After today’s Supreme Court ruling that Uber drivers should be classed as workers and not self-employed the inevitable comparisons with our old case have already started.
For those that need reminding, one of our former plumbers, Gary Smith sued Pimlico for employment rights, including back-dated holiday pay, despite being a self-employed plumbing contractor and signing a contract to that effect and earning more than £500,000 over three years from the company.
During his time with Pimlico Plumbers, he operated as self-employed and was VAT registered. He paid taxes on a self-employed basis, bought his own tools and materials, on which he reclaimed tax, also claiming for an office in his home, chose when he wanted to work, and even employed his wife to carry out secretarial tasks for him and offset that as a business expense.
This included a trip to the Supreme Court where Mr Smith was deemed to be a worker and entitled to certain employment rights. It is, however, worth pointing out that Pimlico won the Employment Tribunal and rejected his claim for holiday pay.
And now, with Uber drivers celebrating their victory the debate around the so-called gig economy will again gain momentum and we will again wrongly be caught up in the swell of opinions.
During the eight years of our case, and since, there has been many comparisons made with gig economy cab firms, food delivery services and courier companies, which have been detrimental to our business.
With no disrespect to graft put in by Uber drivers, there is a huge difference in skills between their job and a plumber or heating engineer. That’s why some of our engineers are the best paid in the industry with an annual income of £100,000 or more.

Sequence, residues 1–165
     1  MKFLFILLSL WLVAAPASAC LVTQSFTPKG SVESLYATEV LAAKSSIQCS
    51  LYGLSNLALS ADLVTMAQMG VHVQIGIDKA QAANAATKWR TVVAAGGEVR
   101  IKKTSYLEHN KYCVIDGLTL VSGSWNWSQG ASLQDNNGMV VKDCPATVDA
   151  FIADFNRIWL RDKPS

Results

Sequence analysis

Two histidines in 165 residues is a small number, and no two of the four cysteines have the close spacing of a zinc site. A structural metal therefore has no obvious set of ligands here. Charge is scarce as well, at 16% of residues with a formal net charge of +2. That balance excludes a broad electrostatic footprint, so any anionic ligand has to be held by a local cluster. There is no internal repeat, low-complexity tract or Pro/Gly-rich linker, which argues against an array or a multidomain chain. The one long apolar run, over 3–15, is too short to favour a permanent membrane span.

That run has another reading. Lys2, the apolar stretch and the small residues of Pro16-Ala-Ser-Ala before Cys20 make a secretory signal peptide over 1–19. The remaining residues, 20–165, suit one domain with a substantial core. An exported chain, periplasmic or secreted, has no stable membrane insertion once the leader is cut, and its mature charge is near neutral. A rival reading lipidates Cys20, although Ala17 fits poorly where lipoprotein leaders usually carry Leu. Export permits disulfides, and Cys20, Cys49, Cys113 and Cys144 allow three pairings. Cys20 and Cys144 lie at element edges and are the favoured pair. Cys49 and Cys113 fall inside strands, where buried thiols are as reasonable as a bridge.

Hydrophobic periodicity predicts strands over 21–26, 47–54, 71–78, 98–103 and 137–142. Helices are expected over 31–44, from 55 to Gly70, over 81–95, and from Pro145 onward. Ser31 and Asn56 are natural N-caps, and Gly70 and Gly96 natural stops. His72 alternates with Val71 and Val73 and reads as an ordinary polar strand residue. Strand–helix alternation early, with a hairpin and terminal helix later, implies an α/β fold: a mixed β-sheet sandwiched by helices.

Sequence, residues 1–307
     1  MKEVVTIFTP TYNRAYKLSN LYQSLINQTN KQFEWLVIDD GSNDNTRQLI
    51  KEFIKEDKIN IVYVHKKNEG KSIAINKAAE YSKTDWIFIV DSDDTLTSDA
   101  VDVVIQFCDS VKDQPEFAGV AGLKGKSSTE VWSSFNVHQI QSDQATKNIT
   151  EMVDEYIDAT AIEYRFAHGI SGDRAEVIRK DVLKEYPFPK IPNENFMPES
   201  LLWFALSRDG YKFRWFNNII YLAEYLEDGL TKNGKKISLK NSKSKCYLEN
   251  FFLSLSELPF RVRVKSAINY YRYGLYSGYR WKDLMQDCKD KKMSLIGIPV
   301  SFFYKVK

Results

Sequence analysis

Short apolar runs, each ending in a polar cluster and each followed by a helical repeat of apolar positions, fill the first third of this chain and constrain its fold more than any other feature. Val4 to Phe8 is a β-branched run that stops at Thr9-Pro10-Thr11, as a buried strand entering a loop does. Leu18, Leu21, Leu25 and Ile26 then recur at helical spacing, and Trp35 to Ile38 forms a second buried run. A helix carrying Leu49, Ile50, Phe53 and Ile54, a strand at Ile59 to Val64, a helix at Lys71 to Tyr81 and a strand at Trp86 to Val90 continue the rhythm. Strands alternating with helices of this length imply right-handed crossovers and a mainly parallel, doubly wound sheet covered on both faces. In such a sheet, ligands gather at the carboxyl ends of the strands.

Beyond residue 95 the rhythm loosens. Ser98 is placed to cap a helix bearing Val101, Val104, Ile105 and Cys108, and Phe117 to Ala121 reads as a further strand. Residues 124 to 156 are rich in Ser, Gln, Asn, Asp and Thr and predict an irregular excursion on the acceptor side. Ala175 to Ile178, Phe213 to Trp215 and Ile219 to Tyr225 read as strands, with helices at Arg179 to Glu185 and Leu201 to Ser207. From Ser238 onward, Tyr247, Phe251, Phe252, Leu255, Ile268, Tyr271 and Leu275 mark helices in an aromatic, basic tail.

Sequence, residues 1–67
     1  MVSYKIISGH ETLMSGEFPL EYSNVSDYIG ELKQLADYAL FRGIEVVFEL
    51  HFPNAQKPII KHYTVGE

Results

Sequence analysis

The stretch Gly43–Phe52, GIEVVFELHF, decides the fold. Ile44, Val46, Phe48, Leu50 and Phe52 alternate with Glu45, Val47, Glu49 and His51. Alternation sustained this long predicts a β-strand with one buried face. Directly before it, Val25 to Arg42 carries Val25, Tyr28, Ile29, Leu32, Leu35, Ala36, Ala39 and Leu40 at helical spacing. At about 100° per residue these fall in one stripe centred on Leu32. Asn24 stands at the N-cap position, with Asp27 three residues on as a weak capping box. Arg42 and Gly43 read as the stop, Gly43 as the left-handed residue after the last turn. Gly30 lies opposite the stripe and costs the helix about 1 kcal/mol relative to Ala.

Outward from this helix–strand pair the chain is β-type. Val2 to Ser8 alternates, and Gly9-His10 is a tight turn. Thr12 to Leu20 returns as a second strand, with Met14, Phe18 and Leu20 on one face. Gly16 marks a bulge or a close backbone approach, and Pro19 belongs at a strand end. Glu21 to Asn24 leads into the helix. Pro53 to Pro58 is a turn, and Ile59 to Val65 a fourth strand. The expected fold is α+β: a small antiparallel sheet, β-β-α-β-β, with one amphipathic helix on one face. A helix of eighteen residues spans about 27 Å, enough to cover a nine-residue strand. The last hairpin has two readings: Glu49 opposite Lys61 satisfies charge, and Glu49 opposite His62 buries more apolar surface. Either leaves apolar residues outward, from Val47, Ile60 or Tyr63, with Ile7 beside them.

The Taylor Report on modern employment states there are different classes of gig economy contractors, came up with the term ‘dependent contractor’ to describe low skilled workers who are at greater risk from exploitation in the labour market.
Skilled tradespeople, unlike drivers and couriers for example, are not dependent at all. Even if they are contracting solely to one company, they can easily take their skills elsewhere should they feel they are not getting a fair deal.
The law needs to understand there is a legitimate class of self-employed contractor, who may work predominantly for one employer and may even wear a uniform and carry an ID badge, but they are more of a contractor than a worker.
As such, companies that are paying these contractors in exactly the same way as those who may work for 10 different companies, should not have to provide all the benefits owed to employed staff.